"This is what I remember, she said if we're going to be together, you're going to take your butt back to church, we're going to get involved in missions and we're going to adopt at some point. I told her she was crazy.
"We had dated for about a year and a half and then I proposed to her at the end of the wrestling banquet (2012). We got married the following March," he related.
Getting hitched on March 27, 2013, in Cancun, Mexico, they wanted to start their family ASAP, however with Sarah's history of endometriosis, polycystic ovary syndrome and a bladder disease since her mid teen years, made her outlook to carry a child to term very bleak.
"Any of the three by themselves would have been treatable, but the combination made carrying a pregnancy to full term very unlikely," she explained. "I had been told by doctors if I couldn't bear a child by the time I was 30, I'd require a hysterectomy.
"We started the first round of minor fertility treatments in late 2013 and continued throughout 2014. No luck, no pregnancies," Ben stated. "We both had medical surgeries and treatments to help with fertility. We did everything up to IVF treatments. We simply could not afford them, plus we had spiritual reservations about them anyways."
In vitro fertilization (IVF) is a medical procedure whereby an egg is fertilized by sperm in a test tube or elsewhere outside the body.
The couple ceased fertility treatments in early 2015 "to take a break from the stress of it all, focus on our marriage, focus our relationships with the Lord, and get involved with missions at First Baptist," they recalled. "We officially joined FBC in May 2015."
Sarah was finally able to get pregnant in that summer, but didn't realize it at the time.
"It was Aug. 6, 2015. I'll never forget the day. I'd never been in so much pain," remarked Sarah.
"We not only found out she was pregnant, but it was a tubal pregnancy. The baby was stuck in the fallopian tube … very dangerous," explained Ben. "They also told us she had a larger than lemon-sized cyst on her right ovary that was about to rupture as well. The surgery resulted in the successful removal of the ovarian cyst, but since it was an ectopic pregnancy they had to take the baby as well. Loss No. 1."
After recovering, Sarah went on a mission trip to the Philippines in November 2015.
"I went into adoption mode, but he (Ben) wasn't ready. I kept harassing him to fill out the papers. I told him, and God, 'I'm going to do this,'" she recounted.
"I didn't feel in my spirit that it was time (for adoption). I didn't hear 'no,' but I also didn't hear 'go,'" stated Ben. "We both still feel committed to adoption, but at that time we needed to let God open the door."
Sarah continued to push for adoption in 2016 and the couple filled out the paperwork and was preparing for a home visit from the agency, but things didn't work out.
"We focused mainly on the adoption process … educating ourselves, getting our finances in order, finding mentors who had adopted, etc., but God closed the door on the first adoption attempt late summer/fall 2016," related Ben.
"We then took a break from 'starting our family talks' and tried to focus on us, our marriage, and our relationship with the Lord.
"In 2017 we decided to try fertility treatments again and did what we could afford. No success," she continued. "My body wasn't responding and I was physically miserable, so we pulled the plug on the treatments and started looking into the adoption process again.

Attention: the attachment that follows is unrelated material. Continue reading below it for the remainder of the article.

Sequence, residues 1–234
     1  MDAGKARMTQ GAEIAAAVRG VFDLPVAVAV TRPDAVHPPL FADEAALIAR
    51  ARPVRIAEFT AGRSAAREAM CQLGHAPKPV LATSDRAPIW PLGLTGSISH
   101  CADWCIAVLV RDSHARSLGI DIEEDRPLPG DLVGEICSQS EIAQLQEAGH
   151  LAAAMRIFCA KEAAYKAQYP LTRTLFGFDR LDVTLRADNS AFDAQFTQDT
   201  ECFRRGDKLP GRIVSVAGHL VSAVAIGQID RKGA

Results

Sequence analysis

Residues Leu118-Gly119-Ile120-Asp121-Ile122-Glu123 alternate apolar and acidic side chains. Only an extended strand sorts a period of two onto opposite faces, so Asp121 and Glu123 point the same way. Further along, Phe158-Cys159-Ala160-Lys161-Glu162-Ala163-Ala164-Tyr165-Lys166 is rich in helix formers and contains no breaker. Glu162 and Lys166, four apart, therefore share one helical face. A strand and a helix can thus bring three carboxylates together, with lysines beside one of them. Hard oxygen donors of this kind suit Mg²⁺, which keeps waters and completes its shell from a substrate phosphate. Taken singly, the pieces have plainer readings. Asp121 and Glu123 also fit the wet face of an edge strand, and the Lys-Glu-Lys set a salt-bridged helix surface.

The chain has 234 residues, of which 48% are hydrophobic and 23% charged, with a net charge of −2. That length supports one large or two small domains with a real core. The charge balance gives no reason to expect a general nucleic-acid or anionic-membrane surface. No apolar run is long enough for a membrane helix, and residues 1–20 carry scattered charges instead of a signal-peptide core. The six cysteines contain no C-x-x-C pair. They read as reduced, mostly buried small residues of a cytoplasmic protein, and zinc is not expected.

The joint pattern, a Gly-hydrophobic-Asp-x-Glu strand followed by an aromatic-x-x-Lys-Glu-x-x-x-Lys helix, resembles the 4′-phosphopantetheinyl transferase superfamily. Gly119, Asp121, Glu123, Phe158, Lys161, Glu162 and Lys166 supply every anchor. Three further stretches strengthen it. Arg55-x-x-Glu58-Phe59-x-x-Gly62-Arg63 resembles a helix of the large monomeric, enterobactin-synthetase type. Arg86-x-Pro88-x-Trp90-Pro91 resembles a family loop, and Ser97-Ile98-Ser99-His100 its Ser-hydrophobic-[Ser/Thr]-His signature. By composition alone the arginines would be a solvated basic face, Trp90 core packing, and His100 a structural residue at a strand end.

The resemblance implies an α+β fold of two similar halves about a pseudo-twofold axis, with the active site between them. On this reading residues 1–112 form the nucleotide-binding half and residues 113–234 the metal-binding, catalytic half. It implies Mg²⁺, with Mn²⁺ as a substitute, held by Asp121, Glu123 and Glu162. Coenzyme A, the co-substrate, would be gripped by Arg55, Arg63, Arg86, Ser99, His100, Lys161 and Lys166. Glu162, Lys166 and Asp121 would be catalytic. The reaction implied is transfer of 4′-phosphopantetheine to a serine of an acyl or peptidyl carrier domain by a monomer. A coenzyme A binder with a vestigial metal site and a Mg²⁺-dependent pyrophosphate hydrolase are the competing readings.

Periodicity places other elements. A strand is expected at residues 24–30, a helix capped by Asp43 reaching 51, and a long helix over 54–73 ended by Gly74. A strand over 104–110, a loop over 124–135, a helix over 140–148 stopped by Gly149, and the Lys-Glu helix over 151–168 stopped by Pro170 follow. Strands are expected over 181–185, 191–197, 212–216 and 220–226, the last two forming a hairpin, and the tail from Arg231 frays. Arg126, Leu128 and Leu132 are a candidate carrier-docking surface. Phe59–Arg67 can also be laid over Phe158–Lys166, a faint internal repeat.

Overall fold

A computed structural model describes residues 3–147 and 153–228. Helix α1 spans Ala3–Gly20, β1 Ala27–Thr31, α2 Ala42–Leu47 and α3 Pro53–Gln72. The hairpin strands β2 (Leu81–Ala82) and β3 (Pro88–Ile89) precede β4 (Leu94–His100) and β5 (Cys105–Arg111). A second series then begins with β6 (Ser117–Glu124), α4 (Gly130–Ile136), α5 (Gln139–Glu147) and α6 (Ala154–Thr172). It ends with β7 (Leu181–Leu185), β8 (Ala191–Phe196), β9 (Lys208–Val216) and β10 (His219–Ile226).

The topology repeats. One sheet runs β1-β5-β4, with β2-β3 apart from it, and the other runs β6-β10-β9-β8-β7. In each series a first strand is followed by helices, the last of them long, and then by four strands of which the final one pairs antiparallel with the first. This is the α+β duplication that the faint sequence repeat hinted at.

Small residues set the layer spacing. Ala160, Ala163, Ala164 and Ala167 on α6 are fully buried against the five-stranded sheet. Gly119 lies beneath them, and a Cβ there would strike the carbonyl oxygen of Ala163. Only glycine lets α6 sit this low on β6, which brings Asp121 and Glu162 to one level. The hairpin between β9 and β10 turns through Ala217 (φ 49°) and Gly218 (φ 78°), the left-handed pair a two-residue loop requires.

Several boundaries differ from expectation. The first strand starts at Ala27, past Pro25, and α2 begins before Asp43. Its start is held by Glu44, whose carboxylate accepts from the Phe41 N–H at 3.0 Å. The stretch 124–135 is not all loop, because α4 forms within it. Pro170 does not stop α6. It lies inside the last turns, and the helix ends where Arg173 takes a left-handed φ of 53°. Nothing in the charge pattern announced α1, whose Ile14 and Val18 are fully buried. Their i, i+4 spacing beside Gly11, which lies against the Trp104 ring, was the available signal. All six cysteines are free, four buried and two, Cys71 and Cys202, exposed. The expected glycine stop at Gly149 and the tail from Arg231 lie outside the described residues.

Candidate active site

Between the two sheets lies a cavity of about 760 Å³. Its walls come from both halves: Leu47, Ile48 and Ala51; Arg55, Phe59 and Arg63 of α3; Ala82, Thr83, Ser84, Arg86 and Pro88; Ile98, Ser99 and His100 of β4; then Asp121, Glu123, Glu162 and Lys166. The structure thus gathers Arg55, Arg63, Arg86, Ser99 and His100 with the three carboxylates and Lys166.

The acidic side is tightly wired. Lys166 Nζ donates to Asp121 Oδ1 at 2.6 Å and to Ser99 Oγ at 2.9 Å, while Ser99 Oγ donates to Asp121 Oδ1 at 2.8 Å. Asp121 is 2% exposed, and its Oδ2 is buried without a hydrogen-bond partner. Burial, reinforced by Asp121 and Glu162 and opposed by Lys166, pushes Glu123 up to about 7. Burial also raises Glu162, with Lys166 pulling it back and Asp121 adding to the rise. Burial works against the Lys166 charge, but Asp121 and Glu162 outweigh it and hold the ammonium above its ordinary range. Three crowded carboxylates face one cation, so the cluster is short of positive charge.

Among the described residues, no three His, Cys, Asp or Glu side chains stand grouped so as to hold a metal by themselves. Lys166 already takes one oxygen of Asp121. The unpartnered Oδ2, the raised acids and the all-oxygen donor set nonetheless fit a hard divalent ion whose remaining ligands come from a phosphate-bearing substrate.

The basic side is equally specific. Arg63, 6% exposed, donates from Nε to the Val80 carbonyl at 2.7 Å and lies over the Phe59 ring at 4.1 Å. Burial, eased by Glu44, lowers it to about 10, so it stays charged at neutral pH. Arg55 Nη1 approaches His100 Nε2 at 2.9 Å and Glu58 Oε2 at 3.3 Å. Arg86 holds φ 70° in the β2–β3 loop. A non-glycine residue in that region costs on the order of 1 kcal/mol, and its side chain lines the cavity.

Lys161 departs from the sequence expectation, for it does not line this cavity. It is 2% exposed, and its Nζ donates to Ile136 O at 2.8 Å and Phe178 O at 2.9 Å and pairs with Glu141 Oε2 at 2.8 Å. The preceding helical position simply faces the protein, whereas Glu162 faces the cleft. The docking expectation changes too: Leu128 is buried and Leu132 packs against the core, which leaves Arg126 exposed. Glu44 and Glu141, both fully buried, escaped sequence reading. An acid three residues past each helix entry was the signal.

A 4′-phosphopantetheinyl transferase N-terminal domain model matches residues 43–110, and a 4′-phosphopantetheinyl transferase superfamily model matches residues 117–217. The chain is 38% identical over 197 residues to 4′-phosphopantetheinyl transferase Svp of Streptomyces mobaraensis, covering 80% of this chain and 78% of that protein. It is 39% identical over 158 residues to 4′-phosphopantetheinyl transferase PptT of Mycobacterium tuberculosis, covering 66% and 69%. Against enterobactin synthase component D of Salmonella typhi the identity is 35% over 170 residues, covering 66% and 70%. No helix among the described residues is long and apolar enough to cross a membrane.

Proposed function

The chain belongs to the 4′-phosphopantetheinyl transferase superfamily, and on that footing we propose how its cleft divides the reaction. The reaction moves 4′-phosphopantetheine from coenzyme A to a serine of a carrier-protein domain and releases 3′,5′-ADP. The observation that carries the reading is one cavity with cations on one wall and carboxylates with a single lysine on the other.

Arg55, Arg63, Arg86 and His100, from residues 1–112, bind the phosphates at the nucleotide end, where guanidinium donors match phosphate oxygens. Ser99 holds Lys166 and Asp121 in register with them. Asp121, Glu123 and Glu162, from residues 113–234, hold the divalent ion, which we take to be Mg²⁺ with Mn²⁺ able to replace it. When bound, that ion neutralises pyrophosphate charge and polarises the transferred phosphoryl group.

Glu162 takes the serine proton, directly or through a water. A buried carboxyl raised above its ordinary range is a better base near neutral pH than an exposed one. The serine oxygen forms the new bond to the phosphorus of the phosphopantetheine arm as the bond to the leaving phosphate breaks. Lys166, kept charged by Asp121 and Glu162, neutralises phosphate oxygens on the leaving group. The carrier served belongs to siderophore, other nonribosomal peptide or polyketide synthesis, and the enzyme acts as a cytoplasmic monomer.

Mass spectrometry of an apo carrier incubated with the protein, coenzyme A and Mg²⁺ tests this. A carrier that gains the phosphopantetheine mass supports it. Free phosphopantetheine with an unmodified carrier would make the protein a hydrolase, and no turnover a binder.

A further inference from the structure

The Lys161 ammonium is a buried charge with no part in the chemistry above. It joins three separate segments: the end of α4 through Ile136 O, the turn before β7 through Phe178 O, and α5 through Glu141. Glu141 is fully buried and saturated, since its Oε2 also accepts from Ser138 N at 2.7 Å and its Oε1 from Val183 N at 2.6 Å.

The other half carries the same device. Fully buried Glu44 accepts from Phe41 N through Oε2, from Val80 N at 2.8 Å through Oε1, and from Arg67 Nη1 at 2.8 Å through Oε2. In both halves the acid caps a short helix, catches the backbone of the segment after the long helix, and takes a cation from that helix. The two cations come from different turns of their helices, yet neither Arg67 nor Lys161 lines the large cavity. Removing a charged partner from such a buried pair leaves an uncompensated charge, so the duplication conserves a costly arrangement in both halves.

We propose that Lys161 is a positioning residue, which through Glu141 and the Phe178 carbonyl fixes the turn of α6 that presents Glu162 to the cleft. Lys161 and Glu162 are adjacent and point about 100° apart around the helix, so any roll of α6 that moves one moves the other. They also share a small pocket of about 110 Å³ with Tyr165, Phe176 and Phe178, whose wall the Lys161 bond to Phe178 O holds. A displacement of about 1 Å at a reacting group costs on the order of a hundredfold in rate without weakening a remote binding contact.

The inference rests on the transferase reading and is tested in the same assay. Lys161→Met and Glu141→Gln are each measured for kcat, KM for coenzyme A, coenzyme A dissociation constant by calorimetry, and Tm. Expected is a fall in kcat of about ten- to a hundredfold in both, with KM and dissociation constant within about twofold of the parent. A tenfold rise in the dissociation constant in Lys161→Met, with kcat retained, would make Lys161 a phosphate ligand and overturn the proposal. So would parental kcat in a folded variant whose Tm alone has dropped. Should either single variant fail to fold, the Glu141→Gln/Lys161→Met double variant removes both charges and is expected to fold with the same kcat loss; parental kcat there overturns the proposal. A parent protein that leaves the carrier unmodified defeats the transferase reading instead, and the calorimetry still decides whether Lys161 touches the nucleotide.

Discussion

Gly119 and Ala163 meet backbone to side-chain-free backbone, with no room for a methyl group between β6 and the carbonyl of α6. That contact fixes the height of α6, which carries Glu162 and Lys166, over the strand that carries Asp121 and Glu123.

"During this time, I (Ben) accepted the call to go on my first mission trip to Nepal in 2018, so I start prepping for it, as well as trying to get things and finances in order for a strong adoption push when I returned," he shared.
"When I came back from Nepal, after (school) spring break in March 2018, we went into full adoption mode: paperwork, prepping our home for the home study, raising money, etc."
"All that came to a screeching halt in August/September 2018. We were devastated and frustrated, but we trusted the Lord knows what he's doing and in His sovereignty," submitted Ben.
"We decided to go see her lifelong OB/GYN and see what he thought … should we keep trying, have a hysterectomy, ovectomy, etc.?
"We scheduled a surgery in early October to remove Sarah's right ovary, right fallopian tube, clean out her uterus (remove the endometriosis and scar tissue), and ovarian drill her left ovary (supposed to spur the production of eggs … aids in fertility)," he continued.
"He (the doctor) felt like this might be our only chance without having to resort to IVF. It would alleviate some of Sarah's pain and discomfort after she healed up. She was scheduled for the surgery on a Thursday, but her doctor got sick and was unable to perform the surgery.
"We got a call on Tuesday that her procedure was canceled. Coincidence? Then … we pop up pregnant later that month in October 2018 and probably had been since we scheduled the surgery about two months before. We had no clue — well, I didn't," Ben commented.
"We got far enough and safely along to tell our families ONLY. Ultrasounds looked good, blood work looked good, doctor appointments looked good, and then on a Friday — the day before our annual Bradley Pride golf tournament AND the day before I'm supposed to be in a 'professional wrestling match' against (Cleveland coach) Joey Knox — we get a call that Sarah's blood work shows we're having a miscarriage.
"We were devastated. At the appointment, her blood work and ultrasound still showed a baby and a heartbeat. So, we were confused. Were given a 'clear, but we're on high alert,'" he said.